It’s funny how the world can feel so small and so big at the same time.
Within just a few days, John has felt embraced by the kindness of strangers, even ran into people who have mutual connections.
At the same time, the world can feel so big when he’s fighting chop and swell and winds that cannot be predicted or tamed
As John so eloquently put it, he feels like the ocean gods “owned his ass” at different moments over the last few days. Though the distance sometimes feels impossible, he directs his thoughts to the positive – it’s not about making it around the island. The success will be in getting the message out – let’s make the world a safer place for people affected by autism. Let’s ensure all children have access to sports and recreation.
John took the ferry over to Powell River to grab some grub, and get some needed massage therapy for his back.
Big THANKS to Erin Perrault who gave John a last massage appointment, and donated her RMT services, as well as some cream for John’s aches and pains. According to Erin’s professional opinion, John has big and tight erectors. Those are back muscles for those of you giggling right now!
The pit stop in Powell River would not be complete without some electrolyte replacements and Vitamin C.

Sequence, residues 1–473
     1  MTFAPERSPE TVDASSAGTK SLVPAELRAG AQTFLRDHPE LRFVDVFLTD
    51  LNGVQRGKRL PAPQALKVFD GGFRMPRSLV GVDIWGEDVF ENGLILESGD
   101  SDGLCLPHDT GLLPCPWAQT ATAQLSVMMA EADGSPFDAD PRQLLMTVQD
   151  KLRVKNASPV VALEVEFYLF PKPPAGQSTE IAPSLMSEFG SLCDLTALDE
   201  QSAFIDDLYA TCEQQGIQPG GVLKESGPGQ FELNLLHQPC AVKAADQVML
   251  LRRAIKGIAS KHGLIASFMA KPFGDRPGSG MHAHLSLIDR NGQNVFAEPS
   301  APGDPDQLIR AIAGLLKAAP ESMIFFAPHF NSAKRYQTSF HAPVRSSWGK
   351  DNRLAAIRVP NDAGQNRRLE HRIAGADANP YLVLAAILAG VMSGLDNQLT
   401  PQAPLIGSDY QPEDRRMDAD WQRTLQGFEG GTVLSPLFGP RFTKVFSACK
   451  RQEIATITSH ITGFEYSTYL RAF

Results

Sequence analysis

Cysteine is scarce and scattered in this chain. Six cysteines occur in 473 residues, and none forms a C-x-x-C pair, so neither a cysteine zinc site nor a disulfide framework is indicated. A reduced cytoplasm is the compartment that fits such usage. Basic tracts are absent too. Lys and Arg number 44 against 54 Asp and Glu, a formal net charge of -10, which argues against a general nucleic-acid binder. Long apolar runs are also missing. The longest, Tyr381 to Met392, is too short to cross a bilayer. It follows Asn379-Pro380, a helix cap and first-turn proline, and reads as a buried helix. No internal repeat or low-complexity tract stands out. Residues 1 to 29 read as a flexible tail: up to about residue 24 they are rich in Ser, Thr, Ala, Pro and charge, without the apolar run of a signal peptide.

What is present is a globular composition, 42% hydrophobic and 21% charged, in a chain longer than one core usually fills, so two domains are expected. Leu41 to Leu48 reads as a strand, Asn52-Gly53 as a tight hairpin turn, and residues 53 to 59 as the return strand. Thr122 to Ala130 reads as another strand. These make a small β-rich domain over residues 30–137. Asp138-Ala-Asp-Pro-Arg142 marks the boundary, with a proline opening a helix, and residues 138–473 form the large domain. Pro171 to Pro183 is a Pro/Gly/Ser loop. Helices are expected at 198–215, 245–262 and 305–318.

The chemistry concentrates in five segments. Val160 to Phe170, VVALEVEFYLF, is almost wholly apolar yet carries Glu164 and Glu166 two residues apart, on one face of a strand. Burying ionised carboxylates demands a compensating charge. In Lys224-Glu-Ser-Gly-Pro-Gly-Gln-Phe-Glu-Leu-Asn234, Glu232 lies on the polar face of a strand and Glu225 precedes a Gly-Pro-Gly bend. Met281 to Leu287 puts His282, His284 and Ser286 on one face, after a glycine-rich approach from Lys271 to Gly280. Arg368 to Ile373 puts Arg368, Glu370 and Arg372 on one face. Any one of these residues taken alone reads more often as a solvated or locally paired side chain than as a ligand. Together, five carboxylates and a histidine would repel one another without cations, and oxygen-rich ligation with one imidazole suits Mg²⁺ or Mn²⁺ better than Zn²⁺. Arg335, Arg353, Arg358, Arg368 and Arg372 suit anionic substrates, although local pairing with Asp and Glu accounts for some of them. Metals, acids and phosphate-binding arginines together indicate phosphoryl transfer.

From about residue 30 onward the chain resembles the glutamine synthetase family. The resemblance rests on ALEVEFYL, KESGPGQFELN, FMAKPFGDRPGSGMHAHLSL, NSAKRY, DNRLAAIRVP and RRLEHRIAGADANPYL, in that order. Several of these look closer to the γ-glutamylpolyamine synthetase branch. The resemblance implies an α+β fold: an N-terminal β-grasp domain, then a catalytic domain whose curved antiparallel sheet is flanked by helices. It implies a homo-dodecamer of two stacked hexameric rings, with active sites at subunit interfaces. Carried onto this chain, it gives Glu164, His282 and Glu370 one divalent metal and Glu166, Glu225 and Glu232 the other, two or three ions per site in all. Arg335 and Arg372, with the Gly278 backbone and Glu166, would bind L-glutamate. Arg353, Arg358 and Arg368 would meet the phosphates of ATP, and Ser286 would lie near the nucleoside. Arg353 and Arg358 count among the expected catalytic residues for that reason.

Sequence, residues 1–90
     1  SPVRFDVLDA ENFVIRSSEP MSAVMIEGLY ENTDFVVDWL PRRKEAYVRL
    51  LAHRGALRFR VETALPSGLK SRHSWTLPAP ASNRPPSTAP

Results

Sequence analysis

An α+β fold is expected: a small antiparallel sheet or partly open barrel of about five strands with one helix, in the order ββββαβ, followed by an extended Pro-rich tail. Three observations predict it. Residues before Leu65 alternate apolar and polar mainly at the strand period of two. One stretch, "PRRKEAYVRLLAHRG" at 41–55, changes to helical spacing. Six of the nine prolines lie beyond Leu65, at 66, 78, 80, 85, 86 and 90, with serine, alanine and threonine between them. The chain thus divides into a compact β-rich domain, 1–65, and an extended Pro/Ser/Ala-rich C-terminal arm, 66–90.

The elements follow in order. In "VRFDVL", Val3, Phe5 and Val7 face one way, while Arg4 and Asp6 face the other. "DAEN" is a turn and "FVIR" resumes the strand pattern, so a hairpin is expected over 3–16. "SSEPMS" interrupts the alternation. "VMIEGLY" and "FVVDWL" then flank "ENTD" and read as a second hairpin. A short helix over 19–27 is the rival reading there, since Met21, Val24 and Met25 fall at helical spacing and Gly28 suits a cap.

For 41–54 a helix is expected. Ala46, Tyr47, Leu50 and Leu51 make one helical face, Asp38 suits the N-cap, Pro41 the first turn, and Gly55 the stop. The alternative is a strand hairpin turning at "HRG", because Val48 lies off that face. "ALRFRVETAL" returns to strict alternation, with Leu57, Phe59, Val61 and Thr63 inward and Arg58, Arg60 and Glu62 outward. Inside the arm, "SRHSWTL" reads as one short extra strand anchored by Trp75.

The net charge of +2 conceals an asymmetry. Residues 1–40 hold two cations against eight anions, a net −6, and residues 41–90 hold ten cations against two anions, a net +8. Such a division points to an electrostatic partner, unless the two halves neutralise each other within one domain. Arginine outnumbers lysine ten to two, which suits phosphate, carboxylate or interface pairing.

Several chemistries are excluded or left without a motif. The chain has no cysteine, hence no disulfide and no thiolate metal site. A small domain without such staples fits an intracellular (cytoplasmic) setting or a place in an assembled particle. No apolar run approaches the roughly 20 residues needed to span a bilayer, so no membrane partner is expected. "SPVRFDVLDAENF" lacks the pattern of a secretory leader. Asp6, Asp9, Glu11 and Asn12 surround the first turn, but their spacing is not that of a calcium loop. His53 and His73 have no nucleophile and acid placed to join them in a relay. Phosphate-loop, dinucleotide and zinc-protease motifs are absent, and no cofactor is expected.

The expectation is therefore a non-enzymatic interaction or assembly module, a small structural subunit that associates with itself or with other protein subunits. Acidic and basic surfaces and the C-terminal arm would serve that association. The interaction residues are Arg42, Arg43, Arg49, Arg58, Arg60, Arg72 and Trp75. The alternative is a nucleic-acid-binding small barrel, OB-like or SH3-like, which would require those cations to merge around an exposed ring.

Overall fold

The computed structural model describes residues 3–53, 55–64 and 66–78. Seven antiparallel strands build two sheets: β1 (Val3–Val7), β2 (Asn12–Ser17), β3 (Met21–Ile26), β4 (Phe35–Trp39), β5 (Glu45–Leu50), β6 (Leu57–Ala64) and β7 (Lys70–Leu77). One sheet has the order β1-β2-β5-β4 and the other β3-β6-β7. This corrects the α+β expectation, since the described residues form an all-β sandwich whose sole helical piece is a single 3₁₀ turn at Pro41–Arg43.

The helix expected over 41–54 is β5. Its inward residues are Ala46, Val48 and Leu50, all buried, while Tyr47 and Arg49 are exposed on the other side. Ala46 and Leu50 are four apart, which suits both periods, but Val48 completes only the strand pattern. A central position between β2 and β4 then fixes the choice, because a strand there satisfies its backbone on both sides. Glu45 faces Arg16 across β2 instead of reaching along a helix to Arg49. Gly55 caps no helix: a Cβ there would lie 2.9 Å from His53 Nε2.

The exemption on this shopping trip was that John couldn’t bring any bananas back to the boat – an old folk tale tells us why:
“There are many theories on why people believe bananas are bad luck for a boat. One superstition is that boats carrying bananas don’t catch fish. The origin of this belief dates back to the Caribbean trade of the 1700s. The wooden sailing boats of that time had to move quickly to deliver bananas before they spoiled, and fishermen had a hard time trolling for fish on such fast-moving boats, which is how the superstition came about. Another superstition that originated during that time is that bananas will cause a boat to sink. This belief developed after many boats never made it to their destinations, and all of the doomed boats were carrying bananas.” Source – Deadliest Catch
Luckily, John didn’t have to lug his boat up and down from the beach, thanks to Dale from Blubber Bay Quarry.
Good night, John. Take care of those erectors!
Tomorrow John heads into more open crossings. He’s expecting northwest winds of 5 to 15 knots for Wednesday to cross to Savary Island.